• Expect the most painful dings to happen in the first 2 years
  • Only travel to bozeman with proper humidification capabilities - but travel to Bozeman!
  • Play the cr@p out of it
     

 

Thank you again for the input, some good stuff to keep in mind!

Link to comment
Share on other sites

All been said Bill...

 

Humidity control is about it in my view. And if you have a pickup with a 9v battery, make sure the battery doesn't corrode in the guitar.

 

I dont oil the fretboard. I just wash it down with a damp cloth when I change strings. I also sometimes use Virtuoso polish because it makes me feel good, and is part of a ritual - not because the guitar needs it. My 2012 J50 looks new, and I gig with it fairly often.

I do remember not knowing about humidifying. I had an early 2000s J200 that I left on the stand in my living room. One day - I heard POP. The top cracked and the bridge came loose.

 

Oh, and by the way... I keep my guitars out hanging.

 

QfAcRPc.jpg

 

From about December through April I run a Vornado Evap40 humidifier. I use tap water and a bacteria-static additive, and change the filters each month. Its easy.

Link to comment
Share on other sites

I agree with the others, just use some common sense and enjoy the guitar. I got my first Gibson in 1974 and didn't do anything to protect it. Stored it in the original POS chipboard case for almost 40 years, never even knew that "humidifiers" existed. Never oiled the fretboard. Never got a manicure. Now granted, this didn't help preserve it and a few years ago it finally became unplayable. After a $400 trip to the luthier, it literally sounded and played better than the day I bought it. My son in law loved it so much, I gave it to him.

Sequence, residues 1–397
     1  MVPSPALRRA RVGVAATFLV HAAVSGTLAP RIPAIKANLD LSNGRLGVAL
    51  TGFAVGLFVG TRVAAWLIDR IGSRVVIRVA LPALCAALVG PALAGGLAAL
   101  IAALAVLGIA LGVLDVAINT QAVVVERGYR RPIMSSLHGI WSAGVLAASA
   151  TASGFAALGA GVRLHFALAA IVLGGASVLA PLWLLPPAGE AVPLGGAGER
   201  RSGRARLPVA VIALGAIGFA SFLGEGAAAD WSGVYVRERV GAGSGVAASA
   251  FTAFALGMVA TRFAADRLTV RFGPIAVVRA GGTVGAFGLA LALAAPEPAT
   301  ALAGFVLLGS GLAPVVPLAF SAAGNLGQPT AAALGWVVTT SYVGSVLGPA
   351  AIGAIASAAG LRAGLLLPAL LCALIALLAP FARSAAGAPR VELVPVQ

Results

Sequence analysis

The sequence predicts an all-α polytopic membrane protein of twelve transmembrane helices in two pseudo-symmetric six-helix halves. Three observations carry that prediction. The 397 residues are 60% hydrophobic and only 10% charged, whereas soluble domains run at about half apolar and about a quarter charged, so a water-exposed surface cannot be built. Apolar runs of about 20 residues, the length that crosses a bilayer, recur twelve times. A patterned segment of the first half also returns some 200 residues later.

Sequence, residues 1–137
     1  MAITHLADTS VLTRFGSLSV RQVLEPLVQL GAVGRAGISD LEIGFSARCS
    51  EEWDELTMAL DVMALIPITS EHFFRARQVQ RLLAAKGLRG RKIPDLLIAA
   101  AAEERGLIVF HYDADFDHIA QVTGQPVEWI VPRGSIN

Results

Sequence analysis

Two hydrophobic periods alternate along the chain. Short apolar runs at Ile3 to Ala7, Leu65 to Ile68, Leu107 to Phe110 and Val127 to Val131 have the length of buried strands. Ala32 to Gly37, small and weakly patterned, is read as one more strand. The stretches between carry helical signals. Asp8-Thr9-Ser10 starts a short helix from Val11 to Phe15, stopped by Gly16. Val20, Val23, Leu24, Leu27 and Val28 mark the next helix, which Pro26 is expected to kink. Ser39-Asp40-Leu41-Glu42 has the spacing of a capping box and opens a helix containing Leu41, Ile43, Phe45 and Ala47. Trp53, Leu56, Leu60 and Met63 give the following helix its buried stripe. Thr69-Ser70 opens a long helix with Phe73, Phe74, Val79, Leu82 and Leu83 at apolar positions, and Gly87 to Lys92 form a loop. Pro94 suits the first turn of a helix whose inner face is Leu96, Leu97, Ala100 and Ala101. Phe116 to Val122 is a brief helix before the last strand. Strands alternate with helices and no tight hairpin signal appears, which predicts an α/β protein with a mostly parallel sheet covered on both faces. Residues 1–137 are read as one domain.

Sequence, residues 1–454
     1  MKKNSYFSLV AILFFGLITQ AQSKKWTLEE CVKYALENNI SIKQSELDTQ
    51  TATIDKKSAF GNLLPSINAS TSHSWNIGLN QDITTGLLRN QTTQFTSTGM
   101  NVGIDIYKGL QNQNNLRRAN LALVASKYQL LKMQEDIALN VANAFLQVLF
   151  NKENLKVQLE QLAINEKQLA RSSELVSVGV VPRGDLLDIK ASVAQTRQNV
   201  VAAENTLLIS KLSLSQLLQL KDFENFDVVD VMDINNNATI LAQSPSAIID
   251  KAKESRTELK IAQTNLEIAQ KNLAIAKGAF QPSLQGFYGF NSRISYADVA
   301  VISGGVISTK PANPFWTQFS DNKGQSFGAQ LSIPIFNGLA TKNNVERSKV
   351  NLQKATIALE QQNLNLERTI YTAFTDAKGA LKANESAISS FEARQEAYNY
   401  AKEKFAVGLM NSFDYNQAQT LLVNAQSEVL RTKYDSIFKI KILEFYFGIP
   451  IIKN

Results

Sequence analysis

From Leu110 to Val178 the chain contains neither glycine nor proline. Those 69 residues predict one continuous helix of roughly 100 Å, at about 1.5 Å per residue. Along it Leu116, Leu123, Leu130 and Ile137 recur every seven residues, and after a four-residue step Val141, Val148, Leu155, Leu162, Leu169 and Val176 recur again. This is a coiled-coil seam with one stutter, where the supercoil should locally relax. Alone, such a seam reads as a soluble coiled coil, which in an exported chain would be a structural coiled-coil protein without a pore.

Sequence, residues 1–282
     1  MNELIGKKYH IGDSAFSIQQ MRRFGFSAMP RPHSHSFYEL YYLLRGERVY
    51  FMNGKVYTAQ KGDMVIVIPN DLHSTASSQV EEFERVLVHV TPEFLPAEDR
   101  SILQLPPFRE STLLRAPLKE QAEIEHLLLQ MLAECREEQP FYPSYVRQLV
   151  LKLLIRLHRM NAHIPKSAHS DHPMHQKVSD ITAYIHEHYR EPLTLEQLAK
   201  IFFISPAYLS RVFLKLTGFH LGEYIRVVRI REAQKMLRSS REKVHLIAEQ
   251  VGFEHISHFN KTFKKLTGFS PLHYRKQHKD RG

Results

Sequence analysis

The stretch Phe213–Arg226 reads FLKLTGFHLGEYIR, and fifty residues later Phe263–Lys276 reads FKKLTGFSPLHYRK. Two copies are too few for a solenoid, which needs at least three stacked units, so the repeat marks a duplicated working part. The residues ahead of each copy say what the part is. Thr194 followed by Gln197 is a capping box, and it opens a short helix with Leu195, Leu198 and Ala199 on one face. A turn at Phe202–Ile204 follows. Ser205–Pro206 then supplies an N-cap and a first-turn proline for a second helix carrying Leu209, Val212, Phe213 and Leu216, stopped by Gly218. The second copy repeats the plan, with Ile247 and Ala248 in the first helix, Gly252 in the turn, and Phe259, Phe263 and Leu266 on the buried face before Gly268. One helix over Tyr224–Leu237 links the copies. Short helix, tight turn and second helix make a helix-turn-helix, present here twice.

We used to call this folly of youth relicing. I played in a lot of bars in the day and not only did I sweat all over my guitars but there was a cigarette smoke haze constantly wafting through the air. The electric that was my constant companion was a 1958 Tele. Over the years the maple board had turned kind of an amber brown. I thought the thing was just aging. Then one day I dropped it off for some minor work. When I picked it up I did not even recognized the thing. The repair guy had actually cleaned it. He showed me the cloth he had used. All I can say is it was pretty yucky.

Link to comment
Share on other sites

Join the conversation

You can post now and register later. If you have an account, sign in now to post with your account.

Guest
Reply to this topic...

×   Pasted as rich text.   Paste as plain text instead

  Only 75 emoji are allowed.

×   Your link has been automatically embedded.   Display as a link instead

×   Your previous content has been restored.   Clear editor

×   You cannot paste images directly. Upload or insert images from URL.

Loading...
 Share

×
×
  • Create New...